Posted on November 12, 2015 by Mary Hood | 1 Comment
The chilly month of November features beautiful topaz as its primary birthstone. Because certain hues of citrine resemble golden-orange topaz, citrine has become the alternative birthstone for November. Although topaz is found in different colors, we tend to associate the birthstone with a warm, golden stone, also known as Orange Topaz.
From ancient days to the present, both topaz and citrine have been credited with long lists of healing properties. Not to mention, their glowing colors serve as a perfect accent to any fall color palette!
The name "topaz" is derived from the Old French topace. “Topaz” may also be related to the Sanskrit word tapas, meaning heat or fire. Topaz may be found in variations of orange, red, and pink; topaz’s more rare shades include light green, blue, and purple-red. Colorless topaz is often mistaken for other gems.
Topaz is believed to enhance understanding, stimulate creativity, promote relaxation, and reduce anger in its wearer. In addition to these psychological and spiritual benefits, topaz may also improve the respiratory system and boost the regeneration of tissue. Finally, topaz represents wisdom and was often given to heads of state and members of the ruling class.
Believed to foster wisdom, topaz was a common gift to royalty. This portrait of English king Henry VIII by Hans Holbein the Younger (1497/8) features the king adorned with what appears to be topaz stones.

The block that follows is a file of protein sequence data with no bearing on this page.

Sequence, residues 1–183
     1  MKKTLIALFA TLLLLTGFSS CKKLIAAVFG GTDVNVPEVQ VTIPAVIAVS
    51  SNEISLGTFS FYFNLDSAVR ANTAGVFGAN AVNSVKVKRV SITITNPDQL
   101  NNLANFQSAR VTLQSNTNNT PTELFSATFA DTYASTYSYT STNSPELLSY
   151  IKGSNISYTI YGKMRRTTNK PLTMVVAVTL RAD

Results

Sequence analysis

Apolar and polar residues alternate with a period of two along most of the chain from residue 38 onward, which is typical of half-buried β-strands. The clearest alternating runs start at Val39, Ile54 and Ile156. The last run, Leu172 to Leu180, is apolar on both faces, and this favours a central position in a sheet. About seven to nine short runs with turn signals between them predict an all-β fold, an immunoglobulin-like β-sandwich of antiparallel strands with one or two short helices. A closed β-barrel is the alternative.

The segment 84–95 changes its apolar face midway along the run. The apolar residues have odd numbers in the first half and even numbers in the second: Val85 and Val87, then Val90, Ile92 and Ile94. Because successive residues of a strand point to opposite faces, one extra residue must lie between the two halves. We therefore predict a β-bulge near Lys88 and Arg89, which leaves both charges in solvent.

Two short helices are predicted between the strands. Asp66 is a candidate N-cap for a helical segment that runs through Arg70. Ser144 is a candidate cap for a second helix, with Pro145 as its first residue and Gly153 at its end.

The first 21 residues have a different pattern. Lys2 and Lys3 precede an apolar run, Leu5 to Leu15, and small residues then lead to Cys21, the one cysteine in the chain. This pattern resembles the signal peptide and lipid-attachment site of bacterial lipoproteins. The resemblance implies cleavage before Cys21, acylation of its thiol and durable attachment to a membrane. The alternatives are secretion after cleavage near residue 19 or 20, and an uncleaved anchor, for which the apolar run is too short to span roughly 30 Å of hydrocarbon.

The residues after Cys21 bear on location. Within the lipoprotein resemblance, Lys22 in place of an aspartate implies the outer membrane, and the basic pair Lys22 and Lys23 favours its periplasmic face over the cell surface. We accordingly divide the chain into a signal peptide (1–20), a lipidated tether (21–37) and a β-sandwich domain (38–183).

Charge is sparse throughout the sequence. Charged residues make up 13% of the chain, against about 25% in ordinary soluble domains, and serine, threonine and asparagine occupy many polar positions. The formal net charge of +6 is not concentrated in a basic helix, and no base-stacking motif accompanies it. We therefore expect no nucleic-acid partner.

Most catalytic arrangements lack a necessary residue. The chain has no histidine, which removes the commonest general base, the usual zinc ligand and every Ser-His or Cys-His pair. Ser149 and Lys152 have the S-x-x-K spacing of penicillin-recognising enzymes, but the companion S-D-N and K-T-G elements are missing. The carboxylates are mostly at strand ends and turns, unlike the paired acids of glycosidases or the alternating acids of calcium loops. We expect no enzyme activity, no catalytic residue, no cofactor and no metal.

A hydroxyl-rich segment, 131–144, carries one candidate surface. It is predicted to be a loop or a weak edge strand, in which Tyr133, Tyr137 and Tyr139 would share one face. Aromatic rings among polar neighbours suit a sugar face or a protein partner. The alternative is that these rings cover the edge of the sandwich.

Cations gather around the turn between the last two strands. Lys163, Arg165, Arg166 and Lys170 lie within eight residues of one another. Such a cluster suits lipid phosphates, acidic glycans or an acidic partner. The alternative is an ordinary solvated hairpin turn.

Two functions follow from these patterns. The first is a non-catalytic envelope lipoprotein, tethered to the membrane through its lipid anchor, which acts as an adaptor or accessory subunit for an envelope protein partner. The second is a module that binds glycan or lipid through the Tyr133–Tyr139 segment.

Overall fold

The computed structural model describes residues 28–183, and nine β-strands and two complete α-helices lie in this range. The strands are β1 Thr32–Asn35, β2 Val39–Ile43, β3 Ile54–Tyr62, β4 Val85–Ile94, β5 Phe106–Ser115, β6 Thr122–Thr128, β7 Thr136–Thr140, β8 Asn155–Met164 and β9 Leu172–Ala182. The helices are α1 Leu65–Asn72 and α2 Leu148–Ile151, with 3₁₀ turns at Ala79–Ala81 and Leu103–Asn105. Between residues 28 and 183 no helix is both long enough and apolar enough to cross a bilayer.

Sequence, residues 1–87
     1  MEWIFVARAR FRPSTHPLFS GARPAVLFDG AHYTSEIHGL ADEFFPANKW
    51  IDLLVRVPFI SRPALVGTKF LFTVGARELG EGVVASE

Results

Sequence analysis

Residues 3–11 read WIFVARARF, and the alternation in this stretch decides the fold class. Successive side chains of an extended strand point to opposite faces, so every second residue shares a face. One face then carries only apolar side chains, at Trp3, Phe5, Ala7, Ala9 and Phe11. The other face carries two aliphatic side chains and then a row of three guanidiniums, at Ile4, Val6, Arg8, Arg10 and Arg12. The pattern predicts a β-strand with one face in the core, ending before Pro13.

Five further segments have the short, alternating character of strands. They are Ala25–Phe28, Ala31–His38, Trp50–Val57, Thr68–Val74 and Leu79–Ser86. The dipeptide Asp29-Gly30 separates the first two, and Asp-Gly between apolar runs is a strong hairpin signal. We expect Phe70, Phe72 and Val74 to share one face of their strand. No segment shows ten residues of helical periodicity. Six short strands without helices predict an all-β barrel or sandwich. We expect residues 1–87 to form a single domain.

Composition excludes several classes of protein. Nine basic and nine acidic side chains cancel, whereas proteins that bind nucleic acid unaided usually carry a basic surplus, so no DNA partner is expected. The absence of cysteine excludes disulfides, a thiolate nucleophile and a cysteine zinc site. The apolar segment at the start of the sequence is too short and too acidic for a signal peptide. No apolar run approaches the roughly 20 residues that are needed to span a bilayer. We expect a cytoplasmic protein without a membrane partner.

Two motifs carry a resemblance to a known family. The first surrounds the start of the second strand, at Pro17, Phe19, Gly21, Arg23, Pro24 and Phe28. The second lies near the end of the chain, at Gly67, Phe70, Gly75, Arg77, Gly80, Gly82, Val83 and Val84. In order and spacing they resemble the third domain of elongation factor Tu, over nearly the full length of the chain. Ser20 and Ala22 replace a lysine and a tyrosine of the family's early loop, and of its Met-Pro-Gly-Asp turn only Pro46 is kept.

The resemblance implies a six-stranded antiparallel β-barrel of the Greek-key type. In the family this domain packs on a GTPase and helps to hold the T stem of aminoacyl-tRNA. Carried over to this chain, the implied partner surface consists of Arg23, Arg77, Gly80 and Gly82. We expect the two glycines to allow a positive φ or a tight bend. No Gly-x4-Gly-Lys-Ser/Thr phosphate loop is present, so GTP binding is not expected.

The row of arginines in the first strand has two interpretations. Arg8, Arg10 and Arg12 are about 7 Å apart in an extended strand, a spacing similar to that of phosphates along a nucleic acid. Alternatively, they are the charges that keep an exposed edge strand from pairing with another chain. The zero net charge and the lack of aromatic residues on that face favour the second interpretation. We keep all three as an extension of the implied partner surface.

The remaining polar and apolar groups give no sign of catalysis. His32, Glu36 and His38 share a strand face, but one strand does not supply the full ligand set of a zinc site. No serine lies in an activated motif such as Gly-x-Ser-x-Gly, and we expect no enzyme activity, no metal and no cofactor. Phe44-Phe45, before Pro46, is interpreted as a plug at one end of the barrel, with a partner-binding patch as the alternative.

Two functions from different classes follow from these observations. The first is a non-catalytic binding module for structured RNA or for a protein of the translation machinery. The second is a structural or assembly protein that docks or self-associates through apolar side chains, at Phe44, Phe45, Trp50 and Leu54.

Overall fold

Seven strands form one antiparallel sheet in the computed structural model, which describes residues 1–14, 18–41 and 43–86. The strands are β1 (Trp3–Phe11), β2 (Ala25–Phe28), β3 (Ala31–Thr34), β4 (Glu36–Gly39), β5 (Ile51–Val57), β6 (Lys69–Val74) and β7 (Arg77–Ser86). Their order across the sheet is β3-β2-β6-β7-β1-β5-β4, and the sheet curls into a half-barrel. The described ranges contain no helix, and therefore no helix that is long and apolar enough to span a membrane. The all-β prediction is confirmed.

Topaz has a hardness of 8 Mohs on the Mohs scale of mineral hardness, making it a fairly scratch-resistant stone. Topaz has a higher refractive index than citrine, lending it more “fire” (a.k.a. dazzle and glitter) under light, provided that the topaz is of good quality.
The name “citrine” is derived from the Latin citrina, meaning "yellow." Citrina is also the origin of the word "citron." Due to its warm, golden hue, citrine is often confused with topaz. The stones have distinct crystalline structures, however. Citrine, a variety of quartz, has a hardness of 7 Mohs, making it a degree softer than topaz. Most citrine originates in Brazil.
The 1930s witnessed the growth of a booming citrine market. Around this time, the European class system experienced a shift that fostered a larger bourgeois class. This new, larger upper-middle class had a high demand for find jewelry. Citrine made appearances in ladies’ jewelry and gentlemen’s cufflinks and rings.
Like topaz, Citrine is noted for its many spiritual benefits. According to Ayurveda tradition, citrine helps balance the seven chakras. Additionally, citrine allegedly wards off evil spirits and untimely death—all while improving the wearer’s vision.
Photos: Barbara Michelle Jacobs, Juliebeth via Flickr, The Online Jeweler via Flickr, Wikipedia